(CNN) — A judge in Texas has issued an injunction temporarily blocking President Barack Obama’s executive action on immigration that has drawn opposition from 26 states across the nation.
Obama angered Republicans when he announced in November that he would use the executive branch to delay deportation for as many as 5 million people who came to the United States illegally.
But United States District Judge Andrew S. Hanen said Monday that the Obama administration had failed to comply with the Administrative Procedure Act. He ordered a halt to the implementation of the immigration measures until he has weighed the full merits of the case.
Texas has led a group of 26 states in the lawsuit seeking stop the executive action, and officials there welcomed the judge’s initial move.
“This decision is a victory for the rule of law in America and a crucial first step in reining in President Obama’s lawlessness,” Texas Attorney General Ken Paxton said in a statement.
But the Obama administration said it plans to appeal against the judge’s order.
“The district court’s decision wrongly prevents these lawful, commonsense policies from taking effect,” the White House said in a statement.
Obama and his staff have long argued that the President has the legal right to take action, saying he only acted because Congress failed to pass immigration reform.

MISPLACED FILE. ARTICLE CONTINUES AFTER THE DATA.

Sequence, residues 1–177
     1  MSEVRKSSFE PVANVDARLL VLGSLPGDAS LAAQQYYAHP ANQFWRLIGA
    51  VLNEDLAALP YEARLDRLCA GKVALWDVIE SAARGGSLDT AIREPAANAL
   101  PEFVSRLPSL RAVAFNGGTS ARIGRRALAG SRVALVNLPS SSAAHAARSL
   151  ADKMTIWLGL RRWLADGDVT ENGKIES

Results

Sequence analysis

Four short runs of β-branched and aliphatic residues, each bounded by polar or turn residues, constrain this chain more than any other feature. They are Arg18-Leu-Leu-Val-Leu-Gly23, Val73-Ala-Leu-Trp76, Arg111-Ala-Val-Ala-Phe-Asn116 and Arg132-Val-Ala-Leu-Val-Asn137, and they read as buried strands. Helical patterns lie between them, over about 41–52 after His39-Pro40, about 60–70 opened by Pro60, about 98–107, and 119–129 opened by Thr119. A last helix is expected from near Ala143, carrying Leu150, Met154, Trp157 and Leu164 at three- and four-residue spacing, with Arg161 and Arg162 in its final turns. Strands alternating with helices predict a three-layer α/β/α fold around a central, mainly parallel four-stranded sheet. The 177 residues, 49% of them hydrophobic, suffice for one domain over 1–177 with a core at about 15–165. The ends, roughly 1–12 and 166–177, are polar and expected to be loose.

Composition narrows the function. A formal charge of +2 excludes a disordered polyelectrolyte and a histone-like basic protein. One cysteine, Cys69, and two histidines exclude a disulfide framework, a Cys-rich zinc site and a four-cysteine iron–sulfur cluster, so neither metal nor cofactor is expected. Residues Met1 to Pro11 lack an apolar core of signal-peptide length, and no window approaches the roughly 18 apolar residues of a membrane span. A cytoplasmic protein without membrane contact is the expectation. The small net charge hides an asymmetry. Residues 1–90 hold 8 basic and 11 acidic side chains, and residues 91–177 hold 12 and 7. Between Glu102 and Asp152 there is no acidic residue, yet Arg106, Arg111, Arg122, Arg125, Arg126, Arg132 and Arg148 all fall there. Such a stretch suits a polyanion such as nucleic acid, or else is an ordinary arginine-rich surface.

Immigration activists said they saw the court injunction as just “a bump in the road.”
“Executive action protecting immigrant youth and parents is solid,” Cristina Jimenez, managing director of United We Dream, said in a statement. “Judge Hanen’s ruling is not permanent and we are confident that it will be repealed in a higher court.”
United We Dream, an immigrants’ rights group, said that Hanen “has become known as an advocate for the harsh treatment of immigrant families.”
The Texas-led coalition of states in the legal challenge are Alabama, Arizona, Arkansas, Florida, Georgia, Idaho, Indiana, Kansas, Louisiana, Maine, Michigan, Mississippi, Montana, Nebraska, Nevada, North Carolina, North Dakota, Ohio, Oklahoma, South Carolina, South Dakota, Tennessee, Texas, Utah, West Virginia and Wisconsin.